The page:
Tag: proportionality

Consistency as a free-standing principle of administrative law?

The importance of consistency in decision-making has been increasingly recognised in English administrative law. The Supreme Court’s recent judgment in Gallaher, in which consistency is said not to be a free-standing administrative law principle, is thus both surprising and questionable.

Q: How many Supreme Court Justices does it take to perform the Wednesbury doctrine’s burial rites? A: More than five

Twelve years ago, the Court of Appeal said—in R (Association of British Civilian Internees (Far East Region)) v Secretary of State for Defence [2003] EWCA Civ 473—that, given its perceived deficiencies when viewed alongside the […]

Book chapter: From Bifurcation to Calibration — Twin-Track Deference and the Culture of Justification

I am pleased to be able to share a near-final draft of my chapter in The Scope and Intensity of Substantive Judicial Review: Traversing Taggart’s Rainbow. The book is a collection of essays, inspired by […]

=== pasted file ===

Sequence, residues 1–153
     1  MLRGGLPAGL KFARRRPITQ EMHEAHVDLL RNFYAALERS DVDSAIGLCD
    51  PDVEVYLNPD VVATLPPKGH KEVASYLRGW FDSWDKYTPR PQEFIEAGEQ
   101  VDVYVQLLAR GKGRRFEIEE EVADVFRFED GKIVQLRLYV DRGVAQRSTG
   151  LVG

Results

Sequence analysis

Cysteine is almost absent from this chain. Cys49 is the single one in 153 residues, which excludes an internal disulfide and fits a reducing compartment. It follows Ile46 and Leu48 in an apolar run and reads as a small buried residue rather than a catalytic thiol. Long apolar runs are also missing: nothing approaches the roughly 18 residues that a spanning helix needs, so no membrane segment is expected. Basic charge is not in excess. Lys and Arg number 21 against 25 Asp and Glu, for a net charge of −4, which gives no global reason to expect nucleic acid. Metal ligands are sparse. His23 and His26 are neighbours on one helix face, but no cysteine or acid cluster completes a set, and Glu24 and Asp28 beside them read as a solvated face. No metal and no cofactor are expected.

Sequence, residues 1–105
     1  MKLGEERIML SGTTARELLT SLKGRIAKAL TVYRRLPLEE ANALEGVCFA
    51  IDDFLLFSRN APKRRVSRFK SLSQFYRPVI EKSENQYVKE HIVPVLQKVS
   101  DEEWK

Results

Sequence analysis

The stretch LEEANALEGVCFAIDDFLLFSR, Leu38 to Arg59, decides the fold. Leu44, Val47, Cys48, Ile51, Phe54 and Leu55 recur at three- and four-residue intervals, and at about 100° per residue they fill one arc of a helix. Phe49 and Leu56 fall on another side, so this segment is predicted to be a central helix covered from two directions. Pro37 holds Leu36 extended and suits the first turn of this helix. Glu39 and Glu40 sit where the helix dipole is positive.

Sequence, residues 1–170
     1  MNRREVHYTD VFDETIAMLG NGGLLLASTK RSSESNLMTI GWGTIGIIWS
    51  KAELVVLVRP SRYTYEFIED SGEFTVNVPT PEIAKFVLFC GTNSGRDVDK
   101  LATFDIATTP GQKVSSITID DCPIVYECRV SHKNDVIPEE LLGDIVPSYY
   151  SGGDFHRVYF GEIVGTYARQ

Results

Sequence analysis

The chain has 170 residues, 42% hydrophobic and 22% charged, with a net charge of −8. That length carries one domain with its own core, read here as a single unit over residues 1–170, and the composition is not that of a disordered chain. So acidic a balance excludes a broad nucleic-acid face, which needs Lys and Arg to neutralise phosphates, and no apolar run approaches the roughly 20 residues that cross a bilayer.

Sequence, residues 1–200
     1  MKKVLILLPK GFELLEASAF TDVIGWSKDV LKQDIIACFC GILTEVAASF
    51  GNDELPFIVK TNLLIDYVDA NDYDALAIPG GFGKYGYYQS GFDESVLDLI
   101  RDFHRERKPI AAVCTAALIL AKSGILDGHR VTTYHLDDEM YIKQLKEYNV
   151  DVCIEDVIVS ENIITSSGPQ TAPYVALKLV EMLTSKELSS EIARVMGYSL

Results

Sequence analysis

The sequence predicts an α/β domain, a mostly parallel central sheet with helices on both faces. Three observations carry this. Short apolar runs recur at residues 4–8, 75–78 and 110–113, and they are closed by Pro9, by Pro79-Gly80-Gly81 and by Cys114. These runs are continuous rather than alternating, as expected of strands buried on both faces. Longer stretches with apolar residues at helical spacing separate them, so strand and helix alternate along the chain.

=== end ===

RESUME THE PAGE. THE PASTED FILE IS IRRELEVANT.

Proportionality and contextualism in common-law review: The Supreme Court’s judgment in Pham

  The recent decision of the UK Supreme Court in Pham v Secretary of State for the Home Department [2015] UKSC 19 marks a turning-point in the role of proportionality as a common-law ground of […]

The Rotherham case in the Supreme Court: Deference, reasonableness and proportionality

I posted here about the decision of Stewart J in R (Rotherham Metropolitan Borough Council) v Secretary of State for Business, Innovation and Skills. The case concerns a challenge to the lawfulness of UK Government allocations of EU […]

Human rights, proportionality and the judicial function: R (Carlile) v Home Secretary in the Supreme Court

The Supreme Court’s judgment in R (Carlile) v Secretary of State for the Home Department [2014] UKSC 60 (press summary) (judgment) raises some interesting and significant points about the role of the courts when applying […]

The Immigration Act 2014: Judicial review, proportionality and democratic deference

In my first post on section 19 of the Immigration Act 2014, I explained that it sets out to modify the way in which courts and tribunals determine immigration cases. It does so by directing […]